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New to Prospecting and a few questions


tx.treasurehntr

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Hello everyone. I am new to prospecting, me and my wife are planning our first gem hunting/gold prospecting vacation to NC this spring. Since we will be in and around the National Forest and will only be allowed to sluice or pan I wanted to ask a few questions.

We are complete newbies to this hobby and the only prospecting equipment I have is the pan that I recieved with my GPAA membership.

What makes one sluice better than the other? I am interested in the Jobe 50" sluice that folds up. I was looking on ebay and found other folding sluices for half the price. I did not see any particular names on the sluices on ebay. Is there really that much difference?

Also if anyone knows. I was thinking of taking one of the hand pumps to pull material out of any cracks and crevices that look promising. Because these are mechanical I am not sure if they would be allowed to use in the National Forrest.

What type of hand tools would you recomend to carry with me?

If anyone has any additional information that they think would be useful, please add.

We are planning on going to Hiddenite for 3 or 4 days then check out the Franklin area for a few days. If anyone has any info about these areas it would be greatly appreciated.

Thanks

Johnny

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Johnny,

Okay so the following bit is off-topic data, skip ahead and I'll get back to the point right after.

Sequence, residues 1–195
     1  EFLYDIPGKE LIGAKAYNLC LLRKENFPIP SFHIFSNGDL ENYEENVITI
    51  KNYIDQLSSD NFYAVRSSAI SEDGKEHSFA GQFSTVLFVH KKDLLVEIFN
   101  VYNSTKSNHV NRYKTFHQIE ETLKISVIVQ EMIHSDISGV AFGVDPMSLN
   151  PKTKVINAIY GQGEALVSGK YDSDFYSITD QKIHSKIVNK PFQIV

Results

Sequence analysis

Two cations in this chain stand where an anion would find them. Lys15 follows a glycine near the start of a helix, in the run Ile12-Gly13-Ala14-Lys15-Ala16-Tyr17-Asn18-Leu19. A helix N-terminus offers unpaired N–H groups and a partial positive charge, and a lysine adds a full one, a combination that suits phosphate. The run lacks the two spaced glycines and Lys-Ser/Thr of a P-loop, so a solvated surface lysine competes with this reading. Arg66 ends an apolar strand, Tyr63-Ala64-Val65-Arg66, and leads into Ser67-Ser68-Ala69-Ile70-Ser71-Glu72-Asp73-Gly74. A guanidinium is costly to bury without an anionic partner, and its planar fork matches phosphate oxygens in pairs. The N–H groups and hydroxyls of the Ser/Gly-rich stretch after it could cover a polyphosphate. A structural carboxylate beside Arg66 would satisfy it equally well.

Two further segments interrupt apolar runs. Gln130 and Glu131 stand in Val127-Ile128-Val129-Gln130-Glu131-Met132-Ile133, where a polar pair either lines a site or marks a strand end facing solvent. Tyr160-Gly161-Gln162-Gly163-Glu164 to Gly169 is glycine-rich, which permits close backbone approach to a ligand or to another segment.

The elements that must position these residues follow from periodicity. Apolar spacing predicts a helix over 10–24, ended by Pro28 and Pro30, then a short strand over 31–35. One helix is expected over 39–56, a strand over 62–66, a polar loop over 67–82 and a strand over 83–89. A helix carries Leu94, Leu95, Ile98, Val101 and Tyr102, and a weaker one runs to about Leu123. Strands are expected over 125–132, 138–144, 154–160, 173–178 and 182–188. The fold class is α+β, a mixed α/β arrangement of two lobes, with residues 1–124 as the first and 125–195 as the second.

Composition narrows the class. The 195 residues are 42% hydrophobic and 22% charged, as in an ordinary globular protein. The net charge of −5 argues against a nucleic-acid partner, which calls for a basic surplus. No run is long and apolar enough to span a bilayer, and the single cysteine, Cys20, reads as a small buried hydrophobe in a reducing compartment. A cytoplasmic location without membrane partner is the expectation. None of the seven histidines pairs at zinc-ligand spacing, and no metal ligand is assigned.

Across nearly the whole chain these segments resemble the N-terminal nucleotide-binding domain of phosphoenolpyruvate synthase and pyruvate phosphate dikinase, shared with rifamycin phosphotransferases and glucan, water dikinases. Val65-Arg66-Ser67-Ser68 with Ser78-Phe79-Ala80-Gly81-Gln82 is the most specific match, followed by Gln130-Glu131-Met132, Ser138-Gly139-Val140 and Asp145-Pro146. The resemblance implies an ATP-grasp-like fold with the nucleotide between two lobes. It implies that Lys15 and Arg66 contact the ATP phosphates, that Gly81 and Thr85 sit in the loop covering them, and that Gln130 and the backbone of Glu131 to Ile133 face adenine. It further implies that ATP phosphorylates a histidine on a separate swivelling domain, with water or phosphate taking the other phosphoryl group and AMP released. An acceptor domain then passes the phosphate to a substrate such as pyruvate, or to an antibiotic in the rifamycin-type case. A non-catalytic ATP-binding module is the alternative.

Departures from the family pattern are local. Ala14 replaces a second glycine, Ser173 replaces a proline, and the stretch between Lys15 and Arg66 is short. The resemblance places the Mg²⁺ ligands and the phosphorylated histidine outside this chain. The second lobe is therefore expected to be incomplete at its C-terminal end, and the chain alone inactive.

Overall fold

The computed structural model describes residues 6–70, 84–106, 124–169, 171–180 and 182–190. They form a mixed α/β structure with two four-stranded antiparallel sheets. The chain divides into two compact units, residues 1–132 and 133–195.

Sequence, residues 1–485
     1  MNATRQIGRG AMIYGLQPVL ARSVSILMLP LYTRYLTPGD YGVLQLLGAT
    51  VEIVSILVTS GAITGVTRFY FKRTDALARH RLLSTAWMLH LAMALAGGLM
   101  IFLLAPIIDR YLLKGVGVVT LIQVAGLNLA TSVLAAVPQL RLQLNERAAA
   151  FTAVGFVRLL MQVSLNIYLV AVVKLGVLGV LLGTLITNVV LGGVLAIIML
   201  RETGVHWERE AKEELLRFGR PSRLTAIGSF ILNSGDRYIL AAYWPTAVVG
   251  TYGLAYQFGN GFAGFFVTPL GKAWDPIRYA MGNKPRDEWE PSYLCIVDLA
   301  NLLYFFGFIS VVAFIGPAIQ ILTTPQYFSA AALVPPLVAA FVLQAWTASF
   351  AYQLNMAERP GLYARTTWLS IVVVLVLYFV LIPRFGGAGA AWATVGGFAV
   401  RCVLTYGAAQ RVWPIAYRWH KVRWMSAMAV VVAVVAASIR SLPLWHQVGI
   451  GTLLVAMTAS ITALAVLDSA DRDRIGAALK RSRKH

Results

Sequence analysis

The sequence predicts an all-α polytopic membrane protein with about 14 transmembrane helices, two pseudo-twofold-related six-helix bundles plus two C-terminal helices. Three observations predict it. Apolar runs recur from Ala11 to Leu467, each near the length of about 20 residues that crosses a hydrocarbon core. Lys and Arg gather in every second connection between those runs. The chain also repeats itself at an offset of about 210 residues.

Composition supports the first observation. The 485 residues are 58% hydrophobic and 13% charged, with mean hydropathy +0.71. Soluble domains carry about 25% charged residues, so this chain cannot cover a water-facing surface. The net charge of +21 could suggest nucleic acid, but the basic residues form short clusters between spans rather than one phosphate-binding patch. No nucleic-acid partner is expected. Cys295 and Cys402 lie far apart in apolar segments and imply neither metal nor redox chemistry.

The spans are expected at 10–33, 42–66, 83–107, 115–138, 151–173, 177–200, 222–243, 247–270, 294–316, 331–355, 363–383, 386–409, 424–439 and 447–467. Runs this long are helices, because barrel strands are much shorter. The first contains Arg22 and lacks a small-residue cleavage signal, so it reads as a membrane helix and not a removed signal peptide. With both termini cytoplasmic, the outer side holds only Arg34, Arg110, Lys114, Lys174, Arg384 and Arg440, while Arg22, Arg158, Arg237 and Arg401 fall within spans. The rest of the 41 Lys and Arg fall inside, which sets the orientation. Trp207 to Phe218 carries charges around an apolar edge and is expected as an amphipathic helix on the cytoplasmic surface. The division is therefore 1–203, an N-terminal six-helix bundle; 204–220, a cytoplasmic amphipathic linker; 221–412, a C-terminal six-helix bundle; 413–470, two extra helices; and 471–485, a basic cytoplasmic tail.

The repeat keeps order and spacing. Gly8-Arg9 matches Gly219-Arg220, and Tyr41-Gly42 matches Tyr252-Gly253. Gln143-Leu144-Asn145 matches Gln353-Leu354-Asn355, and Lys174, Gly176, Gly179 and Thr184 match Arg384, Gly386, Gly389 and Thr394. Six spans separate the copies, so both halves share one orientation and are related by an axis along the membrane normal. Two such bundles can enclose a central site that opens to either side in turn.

Welcome t the forum,

If you're going to the Uwharrie National forest, the hand tube sucker aren't not allowed to be use with-in the National forest, only sluices, pans and shovel can be used in the Uwharrie National Forest, no digging outside the streambed/wetted areas, or undermining plants/rootballs which includes any "island/s" that may have vegetation on it, so if a gravel bar has a plant growing on it you can't dig into the gravel bar, also you must fill in all hole that you dig, if you find a hole while in a stream looking for gold I would suggest filling it in so you don't get the blame if a Forest Ranger finds it with you in the area.

I'm headed out the door for work, but I will add my opinion of sluices good for that area, and other places to check out after I return from work this evening.

Skip

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:th: Welcome to mining but ya can't do this,that or the other thing. Only believe what you see in writing for any forest/park you go to as rangers speak with forked tongues,which 90% of the time is wrong. Google the park and download the rules so when accosted,harrased you can show them the true rules and get some peace and pieces a oro puro-John

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I was looking at buying a folding sluice, but turned away when I heard people had trouble setting them up and they'd bend in the middle. When I used the A48 sluice, I either carried it or attached it to the outside of the Backpack.

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Welcome John.

Keep the sluice cheap and simple, one piece. carpet or miners moss. steel riffles, maybe a section of expanded steel and a punch plate classifier at the head end. Humor me and try to find a steel gold pan. The restrictions AU s mentioned sound more like they are for a national park than for national forest but I'm a many moons journey from there.

Beware of a S.C. gator that has stayed too far north- unless you own a Camaro.